To deal with the real Edna Lee Long, she says, is to deal with the many women inside her, each striving to leave her mark on the world. There's the egotistical, uncompromising perfectionist who says she wants to become a world-renowned dancer (a goal which she has kept on the back burner since choosing the more financially secure career of teaching). There's the demanding UDC dance instructor who says she is fed up with fighting school administrators for a stronger dance program. There's the woman who says that working with homosexual male dancers "eliminates the whole sex thing and allows us to go to a higher level as artists."
There's the traditional woman, who loves to go shopping at Bloomingdale's. There's the non-traditional woman, who has not cooked or cleanred house in years and who likes to lie in bed chomping on popcorn -- her favorite food. There's the woman who declares that "I'll never bear a child," yet is very family-oriented -- she demanded that her parents and her old school buddies get together and fly to her recent Kennedy Center concert. And there's the woman who visits dozens of D.C. public schools each year in order to bring the arts to inner-city youths.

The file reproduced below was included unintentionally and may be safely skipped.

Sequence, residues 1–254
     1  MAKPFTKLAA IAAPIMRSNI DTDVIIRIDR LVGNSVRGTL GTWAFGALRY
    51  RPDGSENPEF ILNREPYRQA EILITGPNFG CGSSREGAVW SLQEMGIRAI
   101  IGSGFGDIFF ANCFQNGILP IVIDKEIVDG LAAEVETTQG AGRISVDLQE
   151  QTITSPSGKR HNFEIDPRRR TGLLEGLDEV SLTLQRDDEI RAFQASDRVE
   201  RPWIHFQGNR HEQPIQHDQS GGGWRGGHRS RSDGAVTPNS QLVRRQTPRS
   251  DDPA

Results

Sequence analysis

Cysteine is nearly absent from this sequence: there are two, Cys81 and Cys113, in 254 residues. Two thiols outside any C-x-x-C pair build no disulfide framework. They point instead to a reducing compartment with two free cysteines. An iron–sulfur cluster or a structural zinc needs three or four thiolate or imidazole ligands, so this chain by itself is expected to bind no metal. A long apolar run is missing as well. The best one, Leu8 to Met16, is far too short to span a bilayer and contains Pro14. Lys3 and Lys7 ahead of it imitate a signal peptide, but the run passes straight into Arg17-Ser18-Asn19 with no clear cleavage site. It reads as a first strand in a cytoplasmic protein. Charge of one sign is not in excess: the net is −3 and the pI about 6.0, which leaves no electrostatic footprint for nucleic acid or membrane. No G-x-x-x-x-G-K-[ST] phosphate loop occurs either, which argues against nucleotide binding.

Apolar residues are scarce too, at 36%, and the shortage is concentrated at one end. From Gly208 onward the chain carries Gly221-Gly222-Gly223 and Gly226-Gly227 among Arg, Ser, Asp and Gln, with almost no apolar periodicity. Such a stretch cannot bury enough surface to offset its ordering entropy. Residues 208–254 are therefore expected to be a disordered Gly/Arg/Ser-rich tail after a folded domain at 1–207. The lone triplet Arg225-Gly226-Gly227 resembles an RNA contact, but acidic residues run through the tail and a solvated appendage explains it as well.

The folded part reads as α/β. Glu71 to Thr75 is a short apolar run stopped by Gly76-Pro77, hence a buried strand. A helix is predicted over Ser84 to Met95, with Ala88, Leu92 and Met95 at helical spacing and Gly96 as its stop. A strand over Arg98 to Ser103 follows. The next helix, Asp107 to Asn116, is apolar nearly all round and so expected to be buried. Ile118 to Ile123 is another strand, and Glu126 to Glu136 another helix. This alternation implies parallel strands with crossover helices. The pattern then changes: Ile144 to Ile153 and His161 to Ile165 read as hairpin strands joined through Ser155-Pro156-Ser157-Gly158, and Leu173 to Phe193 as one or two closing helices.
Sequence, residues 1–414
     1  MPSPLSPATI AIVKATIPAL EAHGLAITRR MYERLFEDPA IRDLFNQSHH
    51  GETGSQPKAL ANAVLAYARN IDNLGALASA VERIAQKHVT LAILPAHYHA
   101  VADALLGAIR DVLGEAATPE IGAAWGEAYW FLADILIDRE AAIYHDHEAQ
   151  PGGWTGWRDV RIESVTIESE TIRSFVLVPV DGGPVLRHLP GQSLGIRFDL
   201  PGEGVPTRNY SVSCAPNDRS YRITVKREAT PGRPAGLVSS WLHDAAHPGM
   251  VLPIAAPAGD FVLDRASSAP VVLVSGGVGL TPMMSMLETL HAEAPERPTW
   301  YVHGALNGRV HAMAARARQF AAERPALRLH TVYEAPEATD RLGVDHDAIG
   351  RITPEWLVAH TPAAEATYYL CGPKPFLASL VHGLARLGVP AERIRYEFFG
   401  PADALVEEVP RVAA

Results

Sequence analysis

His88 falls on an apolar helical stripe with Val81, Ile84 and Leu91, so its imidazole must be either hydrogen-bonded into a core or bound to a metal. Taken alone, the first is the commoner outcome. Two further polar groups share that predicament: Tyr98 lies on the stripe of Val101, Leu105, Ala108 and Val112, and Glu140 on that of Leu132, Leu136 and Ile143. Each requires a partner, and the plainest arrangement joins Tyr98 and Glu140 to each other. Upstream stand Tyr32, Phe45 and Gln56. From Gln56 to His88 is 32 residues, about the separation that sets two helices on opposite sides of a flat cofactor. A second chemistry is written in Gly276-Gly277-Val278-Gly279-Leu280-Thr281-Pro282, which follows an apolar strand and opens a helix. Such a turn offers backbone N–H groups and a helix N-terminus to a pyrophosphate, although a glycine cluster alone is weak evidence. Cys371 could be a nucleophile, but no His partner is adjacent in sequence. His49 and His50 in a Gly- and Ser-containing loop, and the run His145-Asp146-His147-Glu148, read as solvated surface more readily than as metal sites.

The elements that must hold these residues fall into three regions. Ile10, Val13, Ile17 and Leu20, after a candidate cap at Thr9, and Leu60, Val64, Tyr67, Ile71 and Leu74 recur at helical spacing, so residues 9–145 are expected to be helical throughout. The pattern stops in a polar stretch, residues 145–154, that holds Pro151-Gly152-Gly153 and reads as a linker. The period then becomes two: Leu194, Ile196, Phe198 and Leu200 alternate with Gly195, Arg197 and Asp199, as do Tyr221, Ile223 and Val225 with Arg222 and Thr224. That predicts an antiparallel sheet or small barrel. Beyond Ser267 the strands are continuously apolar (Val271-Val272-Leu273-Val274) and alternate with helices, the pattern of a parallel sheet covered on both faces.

"I'm fearful of losing my talent; if I don't share it, God will take it from me," Long says. Fear alone does not motivate her to extend herself to her community, however, but also a love for her people and a commitment to the arts -- especially, of course, to dancing.
"I want to develop more black dancers, but I also want to teach black youths how to appreciate what they see on stage. And the best way to do that is to teach them dance," Long says, sitting in a comfortable rocking chair and rubbing her taut, muscular feet together.
"I think that there's an awful lot of potential for the arts in the D.C. schools," she continues. "When we (and my UDC dance students) perform in the schools, we always have audience participation. The kids get on stage and they do some fantastic things always. But dance is something that they do instead of gym periodically or after school. It needs to become a part of the curriculum."
Long, a member of the D.C. Commission of the Arts Dance Panel, received an award last year from the African Heritage Center for her "outstanding contribution to the development of dance in D.C." Last week, Mayor Marion Barry presented her with a certificate "for brining happiness and joy to people's lives and in recognition of significant and valuable service" to the city.